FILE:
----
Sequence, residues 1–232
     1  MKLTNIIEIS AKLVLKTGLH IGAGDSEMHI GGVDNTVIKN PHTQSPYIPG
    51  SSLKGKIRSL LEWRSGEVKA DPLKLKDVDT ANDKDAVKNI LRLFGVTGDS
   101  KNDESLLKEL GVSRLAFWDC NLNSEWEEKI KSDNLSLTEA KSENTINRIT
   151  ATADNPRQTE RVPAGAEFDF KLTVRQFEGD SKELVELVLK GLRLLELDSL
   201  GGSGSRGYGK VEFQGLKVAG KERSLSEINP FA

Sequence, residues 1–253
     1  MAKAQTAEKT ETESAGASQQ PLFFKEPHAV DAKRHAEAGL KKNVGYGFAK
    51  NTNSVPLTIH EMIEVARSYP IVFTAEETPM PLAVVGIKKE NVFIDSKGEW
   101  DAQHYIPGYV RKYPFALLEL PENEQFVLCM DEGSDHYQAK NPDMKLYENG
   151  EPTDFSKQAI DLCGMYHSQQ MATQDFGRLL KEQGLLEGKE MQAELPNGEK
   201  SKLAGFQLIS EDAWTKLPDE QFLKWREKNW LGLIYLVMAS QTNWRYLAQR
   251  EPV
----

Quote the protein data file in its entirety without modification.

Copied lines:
Sequence, residues 1–232
     1  MKLTNIIEIS AKLVLKTGLH IGAGDSEMHI GGVDNTVIKN PHTQSPYIPG
    51  SSLKGKIRSL LEWRSGEVKA DPLKLKDVDT ANDKDAVKNI LRLFGVTGDS
   101  KNDESLLKEL GVSRLAFWDC NLNSEWEEKI KSDNLSLTEA KSENTINRIT
   151  ATADNPRQTE RVPAGAEFDF KLTVRQFEGD SKELVELVLK GLRLLELDSL
   201  GGSGSRGYGK VEFQGLKVAG KERSLSEINP FA

Sequence, residues 1–253
     1  MAKAQTAEKT ETESAGASQQ PLFFKEPHAV DAKRHAEAGL KKNVGYGFAK
    51  NTNSVPLTIH EMIEVARSYP IVFTAEETPM PLAVVGIKKE NVFIDSKGEW
   101  DAQHYIPGYV RKYPFALLEL PENEQFVLCM DEGSDHYQAK NPDMKLYENG
   151  EPTDFSKQAI DLCGMYHSQQ MATQDFGRLL KEQGLLEGKE MQAELPNGEK
   201  SKLAGFQLIS EDAWTKLPDE QFLKWREKNW LGLIYLVMAS QTNWRYLAQR
   251  EPV